When a football kit manufacturer decides to rip up the rule book and completely reinvent what's gone before, it has several options to help it achieve its objectives. It can add an eye-catching motif to the shirt here or there - a stripe or a block of colour, perhaps. It can add extra detail or interest to make the shirt more complex in its make-up. Or, as with Kappa's approach to the Italy shirt of 2000-01, it can go in the opposite direction by simplifying things in a brilliantly innovative way. This is the masterpiece that came about from that little exercise:
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Their first idea was to change the tone of blue - a potentially controversial move, but one based on precedent as the Italy shirts of the 1950's had a similar hue. If you go back to the 1930's, you'll see that the shade of blue is even lighter, but I digress. Though a little jarring when first seen 15 years ago, it undoubtedly has a softer quality than the deep, rich blue we've come to associate with the Italian team.
Next, Kappa did away with the collar, opting instead for a simple round neckline in the same colour as the rest of the shirt. After that, they moved their own logo to the sleeves of the shirt to leave the body decorated only by the traditional 'shield' badge of the Italian Football Federation.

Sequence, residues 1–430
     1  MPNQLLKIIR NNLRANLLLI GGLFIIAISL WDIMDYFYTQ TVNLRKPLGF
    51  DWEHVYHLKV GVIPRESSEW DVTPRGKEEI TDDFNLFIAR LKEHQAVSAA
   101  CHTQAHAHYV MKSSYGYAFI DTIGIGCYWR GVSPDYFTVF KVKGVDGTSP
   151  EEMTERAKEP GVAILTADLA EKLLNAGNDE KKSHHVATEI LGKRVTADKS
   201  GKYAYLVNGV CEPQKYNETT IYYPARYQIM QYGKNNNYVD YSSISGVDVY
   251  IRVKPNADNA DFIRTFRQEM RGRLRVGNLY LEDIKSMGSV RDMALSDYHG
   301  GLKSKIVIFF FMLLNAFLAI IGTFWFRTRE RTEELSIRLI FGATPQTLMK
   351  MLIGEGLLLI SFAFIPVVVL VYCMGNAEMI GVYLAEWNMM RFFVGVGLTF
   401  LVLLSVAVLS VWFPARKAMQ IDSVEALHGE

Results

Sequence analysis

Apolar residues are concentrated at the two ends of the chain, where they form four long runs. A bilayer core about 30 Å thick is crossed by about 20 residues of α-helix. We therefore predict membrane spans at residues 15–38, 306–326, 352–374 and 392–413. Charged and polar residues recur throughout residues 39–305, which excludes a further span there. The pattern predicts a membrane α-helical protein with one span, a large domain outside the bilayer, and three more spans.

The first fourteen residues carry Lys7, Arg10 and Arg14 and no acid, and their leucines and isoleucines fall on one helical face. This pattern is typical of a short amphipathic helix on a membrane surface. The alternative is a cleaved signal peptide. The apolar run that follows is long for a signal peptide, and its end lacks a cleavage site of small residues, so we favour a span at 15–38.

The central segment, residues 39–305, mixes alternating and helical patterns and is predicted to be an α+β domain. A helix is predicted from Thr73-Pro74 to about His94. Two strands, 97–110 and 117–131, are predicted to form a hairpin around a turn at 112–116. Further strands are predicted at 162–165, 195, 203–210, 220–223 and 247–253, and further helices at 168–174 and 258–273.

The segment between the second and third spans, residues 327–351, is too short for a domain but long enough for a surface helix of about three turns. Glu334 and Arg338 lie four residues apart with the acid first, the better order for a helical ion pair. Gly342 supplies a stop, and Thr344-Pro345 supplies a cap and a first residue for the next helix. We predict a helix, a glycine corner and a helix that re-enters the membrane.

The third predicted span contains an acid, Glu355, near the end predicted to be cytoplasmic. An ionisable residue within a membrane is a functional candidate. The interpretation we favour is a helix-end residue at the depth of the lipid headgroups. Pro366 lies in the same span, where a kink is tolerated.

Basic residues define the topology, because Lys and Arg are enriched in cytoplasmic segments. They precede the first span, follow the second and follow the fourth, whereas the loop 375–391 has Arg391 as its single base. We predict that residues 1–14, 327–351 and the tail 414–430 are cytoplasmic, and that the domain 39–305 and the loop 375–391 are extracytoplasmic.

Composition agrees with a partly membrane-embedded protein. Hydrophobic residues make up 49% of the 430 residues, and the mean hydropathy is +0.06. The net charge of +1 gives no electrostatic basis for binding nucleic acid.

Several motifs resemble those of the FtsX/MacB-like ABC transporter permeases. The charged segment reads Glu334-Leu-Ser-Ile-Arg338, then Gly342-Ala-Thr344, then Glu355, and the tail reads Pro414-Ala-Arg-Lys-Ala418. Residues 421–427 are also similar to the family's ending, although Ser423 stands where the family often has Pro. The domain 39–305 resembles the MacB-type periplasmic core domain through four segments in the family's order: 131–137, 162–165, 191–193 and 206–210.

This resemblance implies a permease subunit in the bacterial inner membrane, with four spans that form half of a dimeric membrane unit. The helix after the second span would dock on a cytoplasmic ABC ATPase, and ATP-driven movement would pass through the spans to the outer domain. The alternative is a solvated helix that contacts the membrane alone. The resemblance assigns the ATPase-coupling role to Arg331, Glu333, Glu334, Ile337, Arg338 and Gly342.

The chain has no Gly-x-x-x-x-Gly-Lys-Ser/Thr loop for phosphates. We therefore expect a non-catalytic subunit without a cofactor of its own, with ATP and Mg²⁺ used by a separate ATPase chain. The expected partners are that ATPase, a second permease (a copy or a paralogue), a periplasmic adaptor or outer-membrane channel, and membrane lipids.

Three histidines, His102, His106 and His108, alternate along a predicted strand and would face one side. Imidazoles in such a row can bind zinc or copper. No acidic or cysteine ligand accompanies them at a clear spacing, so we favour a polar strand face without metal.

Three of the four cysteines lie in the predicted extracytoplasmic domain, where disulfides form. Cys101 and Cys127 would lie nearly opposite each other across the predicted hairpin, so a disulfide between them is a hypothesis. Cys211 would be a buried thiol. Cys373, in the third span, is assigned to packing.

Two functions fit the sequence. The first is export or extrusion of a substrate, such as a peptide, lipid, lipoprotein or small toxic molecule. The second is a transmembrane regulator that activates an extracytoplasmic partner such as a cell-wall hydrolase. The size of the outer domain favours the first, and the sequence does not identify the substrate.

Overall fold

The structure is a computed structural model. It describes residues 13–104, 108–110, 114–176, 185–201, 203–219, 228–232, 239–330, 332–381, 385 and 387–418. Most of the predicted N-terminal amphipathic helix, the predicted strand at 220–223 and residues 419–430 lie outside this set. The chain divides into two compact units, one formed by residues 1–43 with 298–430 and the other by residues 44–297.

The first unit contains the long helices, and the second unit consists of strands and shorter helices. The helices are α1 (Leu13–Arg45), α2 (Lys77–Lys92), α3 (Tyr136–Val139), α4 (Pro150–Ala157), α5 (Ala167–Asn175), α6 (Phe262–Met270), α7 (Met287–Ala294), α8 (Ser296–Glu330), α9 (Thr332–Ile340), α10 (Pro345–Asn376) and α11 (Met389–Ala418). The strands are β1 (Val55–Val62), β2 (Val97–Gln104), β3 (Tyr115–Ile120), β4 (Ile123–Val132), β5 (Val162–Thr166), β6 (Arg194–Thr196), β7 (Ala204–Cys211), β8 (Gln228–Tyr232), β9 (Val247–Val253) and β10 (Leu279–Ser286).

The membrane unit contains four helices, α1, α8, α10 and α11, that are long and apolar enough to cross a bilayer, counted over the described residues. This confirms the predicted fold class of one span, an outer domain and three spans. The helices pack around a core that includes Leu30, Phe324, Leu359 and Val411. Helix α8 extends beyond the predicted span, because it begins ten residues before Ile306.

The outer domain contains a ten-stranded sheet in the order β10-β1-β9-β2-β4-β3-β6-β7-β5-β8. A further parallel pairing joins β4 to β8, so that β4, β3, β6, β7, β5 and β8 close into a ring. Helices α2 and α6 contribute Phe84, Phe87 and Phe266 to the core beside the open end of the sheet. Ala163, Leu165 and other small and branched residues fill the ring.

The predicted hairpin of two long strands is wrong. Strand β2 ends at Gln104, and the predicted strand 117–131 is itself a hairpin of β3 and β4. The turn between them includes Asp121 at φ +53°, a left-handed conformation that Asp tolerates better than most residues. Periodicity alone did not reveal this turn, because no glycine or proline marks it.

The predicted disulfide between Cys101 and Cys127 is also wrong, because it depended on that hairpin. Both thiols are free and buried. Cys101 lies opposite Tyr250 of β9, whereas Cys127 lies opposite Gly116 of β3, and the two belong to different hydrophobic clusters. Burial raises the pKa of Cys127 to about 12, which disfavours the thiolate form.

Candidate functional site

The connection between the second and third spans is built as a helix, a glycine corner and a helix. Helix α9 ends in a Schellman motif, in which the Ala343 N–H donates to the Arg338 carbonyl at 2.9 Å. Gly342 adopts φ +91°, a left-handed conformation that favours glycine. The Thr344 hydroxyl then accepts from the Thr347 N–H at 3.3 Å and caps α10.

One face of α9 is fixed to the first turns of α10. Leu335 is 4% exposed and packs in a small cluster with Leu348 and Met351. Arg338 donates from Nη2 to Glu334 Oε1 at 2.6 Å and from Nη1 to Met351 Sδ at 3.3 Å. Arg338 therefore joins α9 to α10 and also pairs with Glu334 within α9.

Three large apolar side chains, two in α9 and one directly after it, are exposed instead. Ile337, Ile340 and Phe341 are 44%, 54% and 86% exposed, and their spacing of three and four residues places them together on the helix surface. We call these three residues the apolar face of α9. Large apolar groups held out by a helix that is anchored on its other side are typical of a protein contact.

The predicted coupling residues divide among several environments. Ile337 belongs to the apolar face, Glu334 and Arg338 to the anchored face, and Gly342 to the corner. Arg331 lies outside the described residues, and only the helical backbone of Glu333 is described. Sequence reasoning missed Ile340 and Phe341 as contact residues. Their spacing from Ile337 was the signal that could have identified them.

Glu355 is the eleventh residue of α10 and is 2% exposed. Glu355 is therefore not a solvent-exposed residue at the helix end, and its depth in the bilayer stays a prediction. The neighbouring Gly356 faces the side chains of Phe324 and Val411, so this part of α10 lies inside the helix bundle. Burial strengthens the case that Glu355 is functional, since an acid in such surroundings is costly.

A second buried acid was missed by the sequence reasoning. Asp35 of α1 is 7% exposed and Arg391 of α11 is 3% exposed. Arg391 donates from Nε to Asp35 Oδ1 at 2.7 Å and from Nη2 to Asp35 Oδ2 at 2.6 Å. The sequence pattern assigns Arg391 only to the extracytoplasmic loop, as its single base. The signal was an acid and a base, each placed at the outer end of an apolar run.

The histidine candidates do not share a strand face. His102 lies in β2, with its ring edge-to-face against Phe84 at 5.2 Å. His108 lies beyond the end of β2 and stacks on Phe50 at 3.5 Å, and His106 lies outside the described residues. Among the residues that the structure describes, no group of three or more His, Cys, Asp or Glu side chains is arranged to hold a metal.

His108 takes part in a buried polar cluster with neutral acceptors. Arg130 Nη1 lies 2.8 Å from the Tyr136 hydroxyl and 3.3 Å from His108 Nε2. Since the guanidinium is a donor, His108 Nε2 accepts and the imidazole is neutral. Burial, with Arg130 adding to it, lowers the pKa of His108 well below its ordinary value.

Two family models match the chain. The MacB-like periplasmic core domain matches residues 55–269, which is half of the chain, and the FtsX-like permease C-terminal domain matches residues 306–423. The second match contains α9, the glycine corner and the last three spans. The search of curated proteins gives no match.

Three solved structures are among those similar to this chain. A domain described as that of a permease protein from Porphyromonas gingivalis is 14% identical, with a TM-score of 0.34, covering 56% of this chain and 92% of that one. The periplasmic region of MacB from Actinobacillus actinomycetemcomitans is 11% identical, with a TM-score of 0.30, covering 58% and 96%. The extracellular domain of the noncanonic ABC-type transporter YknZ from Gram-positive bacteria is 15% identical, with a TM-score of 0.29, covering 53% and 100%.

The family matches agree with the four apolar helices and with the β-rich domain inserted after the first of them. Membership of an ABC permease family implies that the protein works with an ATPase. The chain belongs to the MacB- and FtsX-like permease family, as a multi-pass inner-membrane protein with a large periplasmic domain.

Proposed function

The final change, however, was a master-stroke. To compensate for an apparent lack of detail, Kappa used decorative stitch-work in a darker shade of blue to create a feature in its own right. Providing a border around the neckline, under the arms and down the sides of the shirt, this was a genius move that added to the overall look without spoiling the simplicity that had already been implemented elsewhere.
If anything, the addition of a white squad number in the middle of the chest (as seen during Euro 2000) made the shirt even more complete, but it was by no means necessary. Even the slightly slimmer fit provided an extra distinction that separated it from most other shirts seen around the same time.
All in all, this was a glorious symphony of subtlety and style that did much to boost not only the Italian national team but also Kappa themselves. Proving that less can most certainly be more, Italy's greatest football stars have rarely looked better on the international stage.
Written by Chris Oakley (The Football Attic).
This shirt is part of The 50 Greatest Football Shirts Ever. The full list can be viewed here.